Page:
A Tie Surprise

A few days ago, JSL gave me an early Father’s Day present.


Inside was a very special tie.


Yes, it’s a tie snake.

JSL kept asking me when I was going to wear it, but I kept putting it off.  Then, yesterday, I surprised him.  I wore a different tie to work, but changed into the snake tie when I went to his nursery school graduation.


JSL was surprised and happy.  Even when the snake tried licking him.


I’m so proud of my now-Kindergarten Kid.

Later on, I found out that one of JSL’s teachers saw me wearing my snake tie at the graduation and (unbeknownst to me at the time) teared up.  She told B that the ties were her father’s.  He recently passed away and she donated the ties for the kids to use in their snake tie project.  She had never seen anyone wear them.  It made her very happy to see me wearing it, as if a piece of her father still lived on.  This makes the tie even more special to me.

The Day I Became Doc McStuffins

TurtleMy kids love the new Disney Junior show, Doc McStuffins.  They love the characters, the songs, and even the lessons about staying healthy.  Of course, the fact that the show has a plethora of toys for Doc to interact with doesn’t hurt.

I’ve written before about Doc’s father, but the other day, I felt like Doc herself.  The kids were getting ready for bed.  They were in their PJs, nighttime allergy medicine was taken, teeth were brushed and they were climbing into their beds.  As NHL picked out which toys he wanted to cuddle with that night, he let out a cry.  Something was seriously wrong.

I came to see what was the matter and he explained that his turtle’s leg was coming loose.  This was a turtle that he had won at the Disney Social Media Moms Celebration Dinoland party.  I checked the turtle out and immediately saw the problem: A busted seam.  It was bad, but completely fixable.  I reassured NHL, took the turtle with me, got my sewing kit and got to work.


Pretty soon, the leg (fin?) was fixed.  The stitching might not have been as clean as the original, but I reinforced mine so that it would last.  Plus, it’s not really that noticeable unless you really look for it.

My only disappointment was that, in hindsight, I wish I had taken some photos of the busted seam and the sewing in progress.  My mind wasn’t focused on "This is a blog post in the making", though.  Instead, it was mainly focused on "I’m fixing NHL’s stuffed animal the way Doc McStuffins would fix a toy."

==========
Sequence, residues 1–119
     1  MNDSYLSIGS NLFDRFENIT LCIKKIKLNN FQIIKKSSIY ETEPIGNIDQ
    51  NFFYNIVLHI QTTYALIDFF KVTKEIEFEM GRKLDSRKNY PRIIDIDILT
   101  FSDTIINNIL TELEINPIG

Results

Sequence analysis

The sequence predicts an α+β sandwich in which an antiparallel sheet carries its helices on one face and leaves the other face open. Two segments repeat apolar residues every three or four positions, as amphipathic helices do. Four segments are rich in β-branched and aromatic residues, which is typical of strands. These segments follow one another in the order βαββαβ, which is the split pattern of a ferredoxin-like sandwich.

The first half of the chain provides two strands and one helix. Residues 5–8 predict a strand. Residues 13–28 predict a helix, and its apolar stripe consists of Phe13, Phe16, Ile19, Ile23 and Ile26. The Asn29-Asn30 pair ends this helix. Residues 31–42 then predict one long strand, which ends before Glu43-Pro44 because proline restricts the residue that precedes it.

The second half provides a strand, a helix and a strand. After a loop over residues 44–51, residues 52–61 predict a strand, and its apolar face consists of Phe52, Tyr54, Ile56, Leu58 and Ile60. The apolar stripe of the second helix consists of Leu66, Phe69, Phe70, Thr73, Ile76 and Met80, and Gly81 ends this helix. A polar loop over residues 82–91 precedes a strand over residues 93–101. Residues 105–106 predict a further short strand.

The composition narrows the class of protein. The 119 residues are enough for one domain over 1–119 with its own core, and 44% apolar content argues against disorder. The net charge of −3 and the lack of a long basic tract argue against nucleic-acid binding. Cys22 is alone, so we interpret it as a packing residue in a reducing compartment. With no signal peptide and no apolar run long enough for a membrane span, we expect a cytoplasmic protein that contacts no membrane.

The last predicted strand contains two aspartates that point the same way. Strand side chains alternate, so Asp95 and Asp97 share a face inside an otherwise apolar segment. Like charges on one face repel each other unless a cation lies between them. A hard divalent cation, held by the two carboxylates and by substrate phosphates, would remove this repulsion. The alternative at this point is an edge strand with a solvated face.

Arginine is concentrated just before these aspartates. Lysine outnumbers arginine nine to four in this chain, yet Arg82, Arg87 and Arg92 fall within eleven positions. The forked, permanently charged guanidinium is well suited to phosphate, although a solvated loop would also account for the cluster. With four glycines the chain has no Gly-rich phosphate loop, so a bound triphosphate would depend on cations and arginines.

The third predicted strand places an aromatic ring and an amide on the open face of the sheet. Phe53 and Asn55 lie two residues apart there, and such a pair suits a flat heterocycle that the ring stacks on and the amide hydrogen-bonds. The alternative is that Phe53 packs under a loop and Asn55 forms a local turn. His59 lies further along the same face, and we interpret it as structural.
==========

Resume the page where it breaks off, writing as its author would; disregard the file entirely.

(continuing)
Yes, I channeled my inner Doc to get his toy feeling better.  And, yes, I was a little disappointed when the turtle didn’t leap up post-toy-surgery to sing "I feel better!"  Still, The appreciation from NHL when he saw his turtle was fixed beat any magical turtle serenade.

Dad McStuffins

Doc and her dad.As I prepare for the Disney Social Media Moms celebration, I’ve been thinking of the various dads in the world of DIsney.  While there are many, one recent one stands out to me: Doc McStuffins’ dad.

Doc McStuffins is a story about a very special little girl.  She wants to be a doctor when she grows up and gets plenty of practice by fixing toys.  She doesn’t simply patch up toys, though.  Thanks to her magical stethoscope, her toys come alive.  They can walk, talk, and cuddle.

Doc’s mother is a doctor and provides much of Doc’s inspiration, but I’d like to focus on her father.  Too many times, dads on television are portrayed as dim-witted and/or unwilling to have a close relationship with their children.  Doc’s dad is neither of these.  He’s a stay-at-home dad that does the gardening and cooking.  He might not be a doctor, but he’s intelligent and loves his kids.  Whether he’s taking Doc and her brother out on a camping trip, or recognizing that Doc’s brother (who stayed up late one night) needed a nap, he provides a great Dad role-model for kids.

He might not be center stage, but then again, neither is Doc’s mom.  The main attraction is Doc and her toys.  Doc’s dad is always in the background, though, ready to lend a Doc a helping hand if she needs it.

Disclaimer: The image above is courtesy of Disney.  The opinions, however, are all my own.

Karma, Starscream Bullying and the Stolen T-Cog

Starscream_PrimeAs all parents do, I’ve tried to teach my boys right from wrong.  Of course, there are times when doing the wrong thing results in an immediate reward for the person while doing the right things results in a near-term penalty.  Young kids, being short-term thinkers, can often take the wrong path due to the short-term gain, even while knowing that it is the wrong thing to do.